- Alfred M. Kriman on Artemis a Model for Widows?
- Mark Charteris on A Strange Ambiguity in Horace’s Torquatus Ode (4.7)
- Toph Marshall on What Kind of Rope Makes the Best Gift? Martial 4.70.1
- Toph Marshall on Making Change for a Tripod
- Michael Hendry on What is the First Poem in Martial, Book I?
Tag Archives: Vergil
In the funeral games in Aeneid V, which we read in English — none of it is in the AP selections — all five of the participants in the foot-race are given prizes (340-61). Vergilians will recall that Euryalus, Helymus, … Continue reading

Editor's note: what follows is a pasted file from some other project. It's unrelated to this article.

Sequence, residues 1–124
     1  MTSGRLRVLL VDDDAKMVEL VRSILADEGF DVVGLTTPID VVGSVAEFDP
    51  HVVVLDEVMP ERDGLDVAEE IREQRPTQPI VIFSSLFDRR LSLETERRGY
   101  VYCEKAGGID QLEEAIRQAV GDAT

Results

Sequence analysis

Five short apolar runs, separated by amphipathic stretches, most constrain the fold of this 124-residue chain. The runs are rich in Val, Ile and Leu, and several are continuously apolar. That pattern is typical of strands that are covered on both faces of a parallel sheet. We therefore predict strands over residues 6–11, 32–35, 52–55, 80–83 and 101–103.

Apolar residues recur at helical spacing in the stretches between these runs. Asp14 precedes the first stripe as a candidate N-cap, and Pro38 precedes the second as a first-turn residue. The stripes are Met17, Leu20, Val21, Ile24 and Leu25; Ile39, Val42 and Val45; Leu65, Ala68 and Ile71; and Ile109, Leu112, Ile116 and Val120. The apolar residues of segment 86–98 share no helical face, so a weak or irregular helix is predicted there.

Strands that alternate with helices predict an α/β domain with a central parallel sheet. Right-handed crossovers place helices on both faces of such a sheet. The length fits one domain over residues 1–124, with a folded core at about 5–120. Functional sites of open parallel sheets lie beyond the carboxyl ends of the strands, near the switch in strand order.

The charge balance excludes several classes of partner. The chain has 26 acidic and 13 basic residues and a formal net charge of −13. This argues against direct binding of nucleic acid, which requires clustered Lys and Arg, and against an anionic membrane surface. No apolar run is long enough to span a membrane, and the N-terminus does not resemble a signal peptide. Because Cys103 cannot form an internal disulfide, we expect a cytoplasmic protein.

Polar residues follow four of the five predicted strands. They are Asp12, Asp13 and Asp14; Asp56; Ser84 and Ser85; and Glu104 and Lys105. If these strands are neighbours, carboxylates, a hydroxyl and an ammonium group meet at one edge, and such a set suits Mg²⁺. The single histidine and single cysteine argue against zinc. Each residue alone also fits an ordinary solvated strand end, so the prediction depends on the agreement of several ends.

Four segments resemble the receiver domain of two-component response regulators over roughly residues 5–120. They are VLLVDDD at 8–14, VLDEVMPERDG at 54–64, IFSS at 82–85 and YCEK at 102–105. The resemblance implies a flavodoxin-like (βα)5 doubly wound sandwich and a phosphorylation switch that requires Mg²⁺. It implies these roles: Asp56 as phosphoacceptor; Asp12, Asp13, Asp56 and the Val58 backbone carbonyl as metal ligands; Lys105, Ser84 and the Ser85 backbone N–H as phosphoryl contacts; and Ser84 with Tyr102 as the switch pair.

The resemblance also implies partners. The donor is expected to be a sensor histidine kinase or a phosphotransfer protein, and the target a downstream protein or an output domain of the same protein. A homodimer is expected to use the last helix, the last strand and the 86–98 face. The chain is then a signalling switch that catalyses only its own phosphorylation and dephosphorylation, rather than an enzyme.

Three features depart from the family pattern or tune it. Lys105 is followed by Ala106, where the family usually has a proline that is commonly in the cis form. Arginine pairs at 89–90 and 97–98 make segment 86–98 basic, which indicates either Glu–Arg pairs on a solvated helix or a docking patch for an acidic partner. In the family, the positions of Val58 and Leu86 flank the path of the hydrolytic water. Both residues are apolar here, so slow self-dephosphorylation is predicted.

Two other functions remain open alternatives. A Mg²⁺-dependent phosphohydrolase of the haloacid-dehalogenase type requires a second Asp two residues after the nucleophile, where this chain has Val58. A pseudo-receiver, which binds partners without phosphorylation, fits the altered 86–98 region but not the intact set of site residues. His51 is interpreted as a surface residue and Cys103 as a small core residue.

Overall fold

Terry Teachout quotes some words of Oliver Wendell Holmes, Jr., on his 90th birthday: And so I end with a line from a Latin poet who uttered the message more than fifteen hundred years ago: “Death plucks my ear and … Continue reading
If I’m not mistaken, the “gloriously accoutred warrior”* Chloreus who inadvertently lures Camilla to her death in Book XI is the first character in the Aeneid who is wearing any pants: of his many colorful garments, the last mentioned is … Continue reading
Today is not only the 2,074th birthday of Publius Vergilius Maro and the feast of St. Teresa of Ávila, it is also the feast of Samuel Isaac Joseph Schereschewsky (1831-1906), Episcopalian bishop of Shanghai, a dedicated missionary who translated the … Continue reading